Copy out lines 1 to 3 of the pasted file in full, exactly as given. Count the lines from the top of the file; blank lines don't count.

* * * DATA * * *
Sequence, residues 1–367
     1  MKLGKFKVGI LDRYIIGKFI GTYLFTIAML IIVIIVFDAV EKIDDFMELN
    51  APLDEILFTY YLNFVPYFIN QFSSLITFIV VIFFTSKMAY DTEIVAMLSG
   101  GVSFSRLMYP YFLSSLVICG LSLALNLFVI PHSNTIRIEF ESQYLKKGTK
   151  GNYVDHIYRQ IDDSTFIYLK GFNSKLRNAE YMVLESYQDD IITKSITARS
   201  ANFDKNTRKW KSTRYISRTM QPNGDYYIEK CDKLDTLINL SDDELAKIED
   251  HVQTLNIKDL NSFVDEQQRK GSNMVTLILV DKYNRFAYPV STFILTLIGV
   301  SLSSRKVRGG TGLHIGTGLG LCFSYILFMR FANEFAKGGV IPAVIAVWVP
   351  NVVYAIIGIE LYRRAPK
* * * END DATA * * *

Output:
Sequence, residues 1–367
     1  MKLGKFKVGI LDRYIIGKFI GTYLFTIAML IIVIIVFDAV EKIDDFMELN
    51  APLDEILFTY YLNFVPYFIN QFSSLITFIV VIFFTSKMAY DTEIVAMLSG